Gaby Contardo (SISSA) showed up in Heidelberg today to make progress on our project on infrared excesses in normal, non-young FGK stars. Because we are using NASA WISE data (along with ESA Gaia and NASA 2MASS), we are only sensitive to bright, hot infrared excesses, much hotter and brighter than typical debris disks around old stars. We have some candidates, which range in temperature from 300 to 1500 K and are reprocessing maybe one percent or a fraction of a percent of the stellar light. (Warning: I haven't calculated this; this is just a guesstimate based on looking at plots.) What are those things? Today we figured out that they can't be warm substellar companions, so they have to be dust (I guess??).


a likelihood for our Phi-M radio

There are AM radios and FM radios and (if you are a nerd) PCM radios. But Abby Shaum (CUNY) and I have built a Phi-M radio, which demodulates phase variations in a carrier signal. We (with Keaton Bell, CUNY) are using it to find binary companions and planets around stars that show coherent pulsation modes in their photometry. Today I wrote down a noise model for the output of our demodulator. It isn't completely trivial. But it's good, because we can make a likelihood function for fitting our companions. Our model will end up being a limit of the more general model called Maelstrom by Dan Hey (Hawai'i).


using catalogs responsibly

I had a conversation with Vedant Chandra (Harvard) today about how catalogs are used, and how that relates to how they are built. We started off by arguing about how principled one should be about doing a populations inference. Too abstract! So Chandra moved us in the pragmatic direction: Let's look at a very specific inference and see what matters about it. We decided to look at the distances to distant clusters in the ESA Gaia data: How do your inferences depend on the number of stars you use, the signal-to-noise ratios of those stars, and whether your individual-star measurements are maximum-likelihood or obtained by consideration of a posterior pdf? That should answer questions, and set up some concrete points of discussion.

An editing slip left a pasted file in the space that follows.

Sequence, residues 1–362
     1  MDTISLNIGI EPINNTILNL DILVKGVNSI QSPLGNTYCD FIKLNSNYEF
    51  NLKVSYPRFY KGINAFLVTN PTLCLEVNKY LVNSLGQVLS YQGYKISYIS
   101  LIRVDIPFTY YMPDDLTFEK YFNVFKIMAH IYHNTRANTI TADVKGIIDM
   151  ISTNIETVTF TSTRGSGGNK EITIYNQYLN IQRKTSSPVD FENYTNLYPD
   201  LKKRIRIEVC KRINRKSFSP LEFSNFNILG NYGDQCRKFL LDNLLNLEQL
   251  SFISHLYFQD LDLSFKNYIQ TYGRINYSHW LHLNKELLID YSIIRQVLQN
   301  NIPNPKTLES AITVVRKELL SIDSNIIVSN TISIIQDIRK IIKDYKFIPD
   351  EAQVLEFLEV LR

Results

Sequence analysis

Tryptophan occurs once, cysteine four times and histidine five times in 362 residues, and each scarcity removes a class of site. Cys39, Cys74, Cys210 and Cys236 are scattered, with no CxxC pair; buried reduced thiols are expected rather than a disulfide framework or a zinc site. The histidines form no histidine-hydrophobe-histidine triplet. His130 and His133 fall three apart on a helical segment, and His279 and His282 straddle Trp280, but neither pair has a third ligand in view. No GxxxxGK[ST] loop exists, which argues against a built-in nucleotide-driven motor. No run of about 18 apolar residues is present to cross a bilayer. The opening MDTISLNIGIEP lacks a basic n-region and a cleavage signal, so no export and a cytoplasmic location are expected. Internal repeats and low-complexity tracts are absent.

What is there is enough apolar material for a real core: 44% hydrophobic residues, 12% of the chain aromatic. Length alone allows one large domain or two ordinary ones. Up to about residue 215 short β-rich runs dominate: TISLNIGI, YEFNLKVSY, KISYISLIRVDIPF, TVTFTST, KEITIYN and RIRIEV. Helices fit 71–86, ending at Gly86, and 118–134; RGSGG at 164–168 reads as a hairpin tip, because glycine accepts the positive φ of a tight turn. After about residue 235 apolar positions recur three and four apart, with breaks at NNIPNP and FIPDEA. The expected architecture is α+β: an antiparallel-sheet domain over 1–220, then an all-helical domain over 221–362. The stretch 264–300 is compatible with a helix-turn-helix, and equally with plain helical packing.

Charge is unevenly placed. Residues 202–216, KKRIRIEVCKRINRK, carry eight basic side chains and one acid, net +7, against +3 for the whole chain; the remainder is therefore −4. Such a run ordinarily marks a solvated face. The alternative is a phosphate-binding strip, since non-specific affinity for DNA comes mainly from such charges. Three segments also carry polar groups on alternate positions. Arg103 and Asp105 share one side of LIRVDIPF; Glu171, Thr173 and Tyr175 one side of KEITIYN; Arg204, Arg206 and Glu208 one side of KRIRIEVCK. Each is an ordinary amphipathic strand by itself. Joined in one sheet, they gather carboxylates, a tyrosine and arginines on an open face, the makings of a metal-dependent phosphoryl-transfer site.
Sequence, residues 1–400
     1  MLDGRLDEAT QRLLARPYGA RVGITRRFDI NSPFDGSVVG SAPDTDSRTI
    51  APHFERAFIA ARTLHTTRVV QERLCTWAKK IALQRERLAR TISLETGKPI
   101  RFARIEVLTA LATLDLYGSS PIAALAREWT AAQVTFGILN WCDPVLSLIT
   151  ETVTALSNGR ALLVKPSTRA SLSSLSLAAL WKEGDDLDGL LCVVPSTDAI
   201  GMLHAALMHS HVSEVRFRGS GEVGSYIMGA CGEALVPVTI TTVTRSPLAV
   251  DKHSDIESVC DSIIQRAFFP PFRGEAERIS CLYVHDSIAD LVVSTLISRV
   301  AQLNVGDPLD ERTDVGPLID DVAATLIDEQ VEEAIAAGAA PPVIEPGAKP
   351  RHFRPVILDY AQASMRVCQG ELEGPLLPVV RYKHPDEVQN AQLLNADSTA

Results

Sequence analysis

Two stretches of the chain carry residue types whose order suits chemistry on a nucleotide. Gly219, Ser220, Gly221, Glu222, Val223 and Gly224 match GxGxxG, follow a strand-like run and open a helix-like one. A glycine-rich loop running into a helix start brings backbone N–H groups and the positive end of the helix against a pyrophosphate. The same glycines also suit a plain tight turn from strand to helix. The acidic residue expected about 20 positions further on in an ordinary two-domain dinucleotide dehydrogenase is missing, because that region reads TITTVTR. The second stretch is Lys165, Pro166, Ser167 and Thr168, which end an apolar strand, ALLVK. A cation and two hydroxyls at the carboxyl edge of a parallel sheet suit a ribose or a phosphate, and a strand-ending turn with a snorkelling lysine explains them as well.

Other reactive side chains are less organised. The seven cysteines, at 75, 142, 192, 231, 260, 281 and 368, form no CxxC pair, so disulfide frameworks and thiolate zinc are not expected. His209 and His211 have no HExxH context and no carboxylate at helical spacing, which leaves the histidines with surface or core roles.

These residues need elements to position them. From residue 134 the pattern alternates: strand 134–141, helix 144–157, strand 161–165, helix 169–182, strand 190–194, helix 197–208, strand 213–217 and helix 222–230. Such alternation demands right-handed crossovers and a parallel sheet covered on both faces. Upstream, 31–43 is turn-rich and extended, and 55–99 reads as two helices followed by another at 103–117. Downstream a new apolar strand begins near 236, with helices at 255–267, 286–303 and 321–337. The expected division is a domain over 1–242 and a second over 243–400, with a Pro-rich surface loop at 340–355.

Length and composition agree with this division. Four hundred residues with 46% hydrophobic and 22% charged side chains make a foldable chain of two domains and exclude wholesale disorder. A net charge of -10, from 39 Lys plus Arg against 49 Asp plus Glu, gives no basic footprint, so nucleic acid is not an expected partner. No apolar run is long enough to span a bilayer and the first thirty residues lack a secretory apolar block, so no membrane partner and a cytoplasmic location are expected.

data-driven information

My day started with a conversation with Wolfgang Brandner (MPIA), who asked me how to figure out the information content of ESA Gaia RVS spectra, but in a data-driven way. He wants to avoid the theoretical models at first; that is, he wants to figure out how precisely the spectra contain temperature and metallicity and age information without having temperatures, metallicities, and ages that we believe. One approach is to compare to other data that are sensitve to temperature, metallicity, and age: If the RVS spectra can predict those data, then (conditioned on assumptions) they must contain information about temperature, metallicity, and age. This is similar to questions of risk (or expected error in prediction) in machine-learning contexts.


wobble, star spots, quasar dipole

[Time to try to re-start this forum.]

I spent this morning on three different small activities. One was giving feedback to Matt Daunt (NYU) who is trying to re-build the wobble concept for stellar radial-velocity measurement in jax. He has annoying optimization issues, which are very hard to diagnose! Optimization is always nasty, in my experience.

Another activity was working on the abstract for Lily Zhao's (Flatiron) upcoming paper on stellar variability in the spectral domain, generated by rotating, spotty stars. She is concerned that the paper is too conceptual. I love conceptual papers! I think science moves forward through concepts and implentations, and no individual paper has to do it all.

My third activity this morning was working through the mathematics on a project of Abby Williams (NYU, Caltech) to measure the kinematic dipole in the all-sky Quaia quasar catalog. There are so many different ways to measure it. I think I have a justifiable likelihood function approach, and one in which we could marginalize out—or profile out—the uncertainties in the selection function we have estimated. It's a controversial subject, so I would like to do things correctly.